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Saturday, June 14, 2014

When things go awry in life, love and real estate…

Back in March of 2014, I cautioned about buying a house with a boyfriend or girlfriend and about various things to be aware of if you decide to do it anyway.

Recently I got a call from someone who read my post; but, unfortunately, too late. The caller had purchased a house together with his girlfriend at the time, only to have the relationship sour and break up. He went on to find his soul mate and get married, all the while living in the house that he had purchased with his ex-girlfriend (whom it must be noted had stopped paying when she moved out). Now the ex-girlfriend wants him to sell the place or buy her out of the mortgage obligation that she still is recorded upon. Unfortunately, he is not in a financial or credit-history position to do that, so he called me to see if I had any advice.

First, let me state (as I have many times before) that I’m not a lawyer and can’t give any legal advice on matters like this. I did do some quick research and basically found that there are few options available in situations like this. One of the best opinions on this topic that I found was this one from Peter Boyle, a Minneapolis Mortgage Broker in response to a blog post –

Peter Boyle, Mortgage Broker or Lender, Minneapolis, MN
To remove your girlfriend from title and the mortgage you really have 3 options:

1. You could attempt to Assume the mortgage in your own name if it is an FHA loan as all FHA loans are assumable with qualifying. You would need to call your current lender to request and complete an assumption package, which is basically a full mortgage application. Bear in mind that you would need to qualify on your own income for the full mortgage payment for this to be successful.

2. You could refinance by yourself, again qualifying under your own steam, or have another family member replace your girlfriend as a Non-Occupying co-mortgagor.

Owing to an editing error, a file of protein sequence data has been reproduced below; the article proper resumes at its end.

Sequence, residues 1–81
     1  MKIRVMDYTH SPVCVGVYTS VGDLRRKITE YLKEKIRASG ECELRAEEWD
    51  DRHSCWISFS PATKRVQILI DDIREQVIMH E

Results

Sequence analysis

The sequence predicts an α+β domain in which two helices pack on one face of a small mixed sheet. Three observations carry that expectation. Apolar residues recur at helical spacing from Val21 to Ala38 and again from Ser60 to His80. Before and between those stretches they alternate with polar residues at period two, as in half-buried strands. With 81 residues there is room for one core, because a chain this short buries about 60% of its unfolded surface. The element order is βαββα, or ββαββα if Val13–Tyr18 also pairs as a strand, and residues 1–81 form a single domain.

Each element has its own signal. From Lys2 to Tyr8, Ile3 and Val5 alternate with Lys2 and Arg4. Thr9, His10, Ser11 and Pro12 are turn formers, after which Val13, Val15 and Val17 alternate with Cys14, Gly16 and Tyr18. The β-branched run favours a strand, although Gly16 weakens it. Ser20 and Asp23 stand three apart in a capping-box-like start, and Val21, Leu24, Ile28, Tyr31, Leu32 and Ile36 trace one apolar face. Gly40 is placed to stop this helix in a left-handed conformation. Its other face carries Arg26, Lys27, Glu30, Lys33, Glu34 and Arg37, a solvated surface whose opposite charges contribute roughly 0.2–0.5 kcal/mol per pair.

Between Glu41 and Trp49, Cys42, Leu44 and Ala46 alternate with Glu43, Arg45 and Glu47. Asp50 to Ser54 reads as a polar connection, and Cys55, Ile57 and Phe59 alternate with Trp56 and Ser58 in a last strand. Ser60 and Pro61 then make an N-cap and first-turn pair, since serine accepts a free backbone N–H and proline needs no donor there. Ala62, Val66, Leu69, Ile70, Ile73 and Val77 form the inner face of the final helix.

3. You could sell the home

If none of these are feasible you could:

4. You could leave her on the mortgage, have her Quit Claim her interest to you and create a paper trail, documented with 12 months’ worth of canceled checks, that you are making the payments without her help. In that case she would be eligible to buyer another property and we would not need to consider your mortgage payment against her in the debt ratios. (
Ed. Note: Peter is a Mortgage Broker, so this is his advice if the ex- wants to get a new mortgage for another place)

Peter Boyle
(612) 701-6816

So, the bottom-line answer is that there is no easy way to do that. Many people get into these situations because they have had some credit issues in the past and can’t afford to buy a house by themselves or based only upon their credit. The issue that often remains when things go awry is that you still can’t afford to buy-out the place on your own. Both of your are kind of screwed in that case, because the ex-whatever has this lingering obligation on their credit record that usually would prevent them from obtaining a new mortgage on a place that they might want to buy; and, of course you still have this vestige of your past officially sharing responsibility for the mortgage on your home (even if they haven’t paid a penny in years).

You could lawyer-up and try to do something about it, but the result will probably just be that the
lawyers make some money and you are still hosed. You need to find a way to refinance or you need to get out from under that old debt too by selling. You can’t have your cake and eat it too in this case. Hopefully the soul-mate that you have since found and married will understand and stay with you on this; otherwise you may have double-trouble. In Michigan at least, the wife in this case would need to sign-off on any sale because she has dower rights to whatever interest her spouse has in the property.


There’s just no way to put enough lipstick on this pig to make it look attractive. The best advice is just DON”T DO IT! Don’t buy a house with a boyfriend or girlfriend, even if you are engaged to be married, soon. The obligations that you take on when you do that may far outlive the engagement and the relationship. If you absolutely must go ahead, then have a clear and binding pre-nuptial agreement in place that spells out what must happen, and when, if the relationship shatters. If neither party could really afford to buy out the other's interest if things don't work out then DON'T DO IT!

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